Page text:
If I apply for bankruptcy, will I lose my vehicle?

UPDATED: Jan 10, 2015

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If I apply for bankruptcy, will I lose my vehicle?

I’m caught up in a huge car title loan for which I will pay over $8,000 on a $2,400 loan that I had to take out for my daughter in college. My vehicle is worth only $4,000. It’s my only transportation and I have to get to work. What will happen?

Asked on January 10, 2015 under Bankruptcy Law, Missouri


SJZ, Member, New York Bar / FreeAdvice Contributing Attorney

Answered 8 years ago | Contributor

Applying for bankrupty does not automatically make you lose your vehicle. However, when dealing with a secured loan, like car financing (that is, a loan or financing where the lender can reposses if not paid), bankruptcy does *not* affect the security interest, or the ability to repossess. You can escape liability, or a personal obligation to pay, the loan in bankruptcy, but you cannot escape the neecessity to pay the loan if you want to keep the car; if you don't pay, the lender can repossess the vehicle. What they can't do afterwards is come after you for the unpaid balance of the loan if filed bankruptcy, so in your case, if you owe $8,000 but the car is worth $4,000, if you default on, or fail to make payments on, the loan after bankruptcy, the lender can take the car but then can't sue you for the $4,000 you'd owe over and above the car's value.

It might be possible, after filing, to negotiate with the lender to get them to agree to lower your interest, your payments, forgive part of the loan, etc.--they don't particularly want to get the car back, since then they'd have to maintain and sell it, and would often rather be paid a reduced amount. So they may be willing to agree to accept less than they had been, and if they do agree in writing, such an agreement is enforceable. However, bear in mind that such an agreement is voluntary--you can't force the lender into it.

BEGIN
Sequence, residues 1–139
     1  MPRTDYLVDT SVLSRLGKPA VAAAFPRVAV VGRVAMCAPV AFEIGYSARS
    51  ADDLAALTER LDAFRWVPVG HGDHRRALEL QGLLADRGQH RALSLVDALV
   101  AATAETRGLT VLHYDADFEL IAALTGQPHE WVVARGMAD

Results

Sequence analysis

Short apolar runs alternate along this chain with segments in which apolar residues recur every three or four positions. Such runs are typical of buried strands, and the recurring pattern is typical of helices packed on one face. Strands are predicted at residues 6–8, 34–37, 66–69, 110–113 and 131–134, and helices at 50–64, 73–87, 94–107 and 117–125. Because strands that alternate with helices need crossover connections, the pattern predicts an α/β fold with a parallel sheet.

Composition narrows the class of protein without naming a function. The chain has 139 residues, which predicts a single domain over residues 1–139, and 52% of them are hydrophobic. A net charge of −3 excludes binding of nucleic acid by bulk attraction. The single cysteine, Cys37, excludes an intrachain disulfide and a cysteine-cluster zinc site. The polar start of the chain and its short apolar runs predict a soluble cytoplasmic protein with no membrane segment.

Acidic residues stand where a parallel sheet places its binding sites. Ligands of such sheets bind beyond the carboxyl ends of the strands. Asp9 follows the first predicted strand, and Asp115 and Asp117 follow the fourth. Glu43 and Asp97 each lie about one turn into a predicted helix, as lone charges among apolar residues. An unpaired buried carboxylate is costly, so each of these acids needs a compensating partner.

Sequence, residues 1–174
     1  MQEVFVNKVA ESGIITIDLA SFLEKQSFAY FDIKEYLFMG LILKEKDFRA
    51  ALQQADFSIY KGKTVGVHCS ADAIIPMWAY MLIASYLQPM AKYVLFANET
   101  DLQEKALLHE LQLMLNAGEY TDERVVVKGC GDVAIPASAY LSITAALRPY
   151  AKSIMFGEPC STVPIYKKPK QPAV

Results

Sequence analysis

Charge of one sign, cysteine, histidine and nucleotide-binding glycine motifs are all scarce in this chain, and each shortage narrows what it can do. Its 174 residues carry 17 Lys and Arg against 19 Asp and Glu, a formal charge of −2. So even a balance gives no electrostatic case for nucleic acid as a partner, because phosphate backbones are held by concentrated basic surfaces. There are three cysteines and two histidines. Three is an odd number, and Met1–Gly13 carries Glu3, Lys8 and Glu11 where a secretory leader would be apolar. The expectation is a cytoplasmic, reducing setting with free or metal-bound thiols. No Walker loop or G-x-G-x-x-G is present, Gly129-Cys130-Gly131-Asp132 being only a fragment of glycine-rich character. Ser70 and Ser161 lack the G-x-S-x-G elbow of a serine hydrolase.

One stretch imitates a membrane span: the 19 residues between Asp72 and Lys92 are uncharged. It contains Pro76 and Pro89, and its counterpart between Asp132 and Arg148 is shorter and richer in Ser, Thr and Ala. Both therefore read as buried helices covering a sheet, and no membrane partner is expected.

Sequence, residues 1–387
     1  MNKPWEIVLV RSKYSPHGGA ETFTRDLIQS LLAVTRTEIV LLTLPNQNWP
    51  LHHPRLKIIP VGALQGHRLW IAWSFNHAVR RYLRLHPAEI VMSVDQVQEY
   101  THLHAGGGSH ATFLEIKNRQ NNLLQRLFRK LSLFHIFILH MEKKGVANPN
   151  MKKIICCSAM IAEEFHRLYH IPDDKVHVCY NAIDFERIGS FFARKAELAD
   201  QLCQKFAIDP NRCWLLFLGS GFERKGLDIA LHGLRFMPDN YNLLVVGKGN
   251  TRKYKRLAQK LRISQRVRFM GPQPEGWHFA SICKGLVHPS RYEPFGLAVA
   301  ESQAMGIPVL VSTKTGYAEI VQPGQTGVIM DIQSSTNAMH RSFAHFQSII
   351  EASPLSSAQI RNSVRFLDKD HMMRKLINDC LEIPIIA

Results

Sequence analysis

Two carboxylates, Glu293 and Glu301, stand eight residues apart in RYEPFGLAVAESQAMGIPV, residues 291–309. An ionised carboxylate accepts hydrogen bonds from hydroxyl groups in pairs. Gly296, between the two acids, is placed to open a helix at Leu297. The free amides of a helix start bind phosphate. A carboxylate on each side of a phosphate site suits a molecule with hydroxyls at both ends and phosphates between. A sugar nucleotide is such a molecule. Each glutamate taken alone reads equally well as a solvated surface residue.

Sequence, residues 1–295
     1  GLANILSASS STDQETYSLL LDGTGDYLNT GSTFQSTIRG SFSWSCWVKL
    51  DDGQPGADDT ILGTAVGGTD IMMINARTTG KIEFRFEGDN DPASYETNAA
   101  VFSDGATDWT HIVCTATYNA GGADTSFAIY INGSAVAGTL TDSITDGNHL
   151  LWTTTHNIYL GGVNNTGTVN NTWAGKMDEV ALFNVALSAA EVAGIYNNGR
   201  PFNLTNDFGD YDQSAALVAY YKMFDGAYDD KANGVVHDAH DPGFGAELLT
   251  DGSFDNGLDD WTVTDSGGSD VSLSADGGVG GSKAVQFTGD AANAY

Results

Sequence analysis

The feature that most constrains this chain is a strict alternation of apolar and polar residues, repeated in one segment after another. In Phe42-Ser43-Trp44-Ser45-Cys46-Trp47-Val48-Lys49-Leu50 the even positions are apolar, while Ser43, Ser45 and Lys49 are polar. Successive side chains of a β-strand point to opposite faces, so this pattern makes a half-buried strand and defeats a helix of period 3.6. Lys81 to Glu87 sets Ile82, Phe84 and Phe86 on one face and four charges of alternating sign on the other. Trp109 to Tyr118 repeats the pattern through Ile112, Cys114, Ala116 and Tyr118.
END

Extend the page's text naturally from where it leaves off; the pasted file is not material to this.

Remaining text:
IMPORTANT NOTICE: The Answer(s) provided above are for general information only. The attorney providing the answer was not serving as the attorney for the person submitting the question or in any attorney-client relationship with such person. Laws may vary from state to state, and sometimes change. Tiny variations in the facts, or a fact not set forth in a question, often can change a legal outcome or an attorney's conclusion. Although AttorneyPages.com has verified the attorney was admitted to practice law in at least one jurisdiction, he or she may not be authorized to practice law in the jurisdiction referred to in the question, nor is he or she necessarily experienced in the area of the law involved. Unlike the information in the Answer(s) above, upon which you should NOT rely, for personal advice you can rely upon we suggest you retain an attorney to represent you.

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